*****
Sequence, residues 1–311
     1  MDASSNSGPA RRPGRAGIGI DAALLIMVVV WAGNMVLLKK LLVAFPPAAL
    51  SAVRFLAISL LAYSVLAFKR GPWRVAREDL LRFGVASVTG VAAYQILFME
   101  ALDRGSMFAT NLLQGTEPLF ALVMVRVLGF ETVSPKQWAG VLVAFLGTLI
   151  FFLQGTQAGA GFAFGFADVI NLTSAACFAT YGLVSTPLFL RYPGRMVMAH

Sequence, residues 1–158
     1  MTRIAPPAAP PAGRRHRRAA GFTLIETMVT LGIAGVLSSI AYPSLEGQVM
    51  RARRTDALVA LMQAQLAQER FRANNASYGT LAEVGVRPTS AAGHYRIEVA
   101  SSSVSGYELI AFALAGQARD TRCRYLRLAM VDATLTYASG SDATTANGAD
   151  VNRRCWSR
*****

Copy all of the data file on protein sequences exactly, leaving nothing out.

Sequence, residues 1–311
     1  MDASSNSGPA RRPGRAGIGI DAALLIMVVV WAGNMVLLKK LLVAFPPAAL
    51  SAVRFLAISL LAYSVLAFKR GPWRVAREDL LRFGVASVTG VAAYQILFME
   101  ALDRGSMFAT NLLQGTEPLF ALVMVRVLGF ETVSPKQWAG VLVAFLGTLI
   151  FFLQGTQAGA GFAFGFADVI NLTSAACFAT YGLVSTPLFL RYPGRMVMAH

Sequence, residues 1–158
     1  MTRIAPPAAP PAGRRHRRAA GFTLIETMVT LGIAGVLSSI AYPSLEGQVM
    51  RARRTDALVA LMQAQLAQER FRANNASYGT LAEVGVRPTS AAGHYRIEVA
   101  SSSVSGYELI AFALAGQARD TRCRYLRLAM VDATLTYASG SDATTANGAD
   151  VNRRCWSR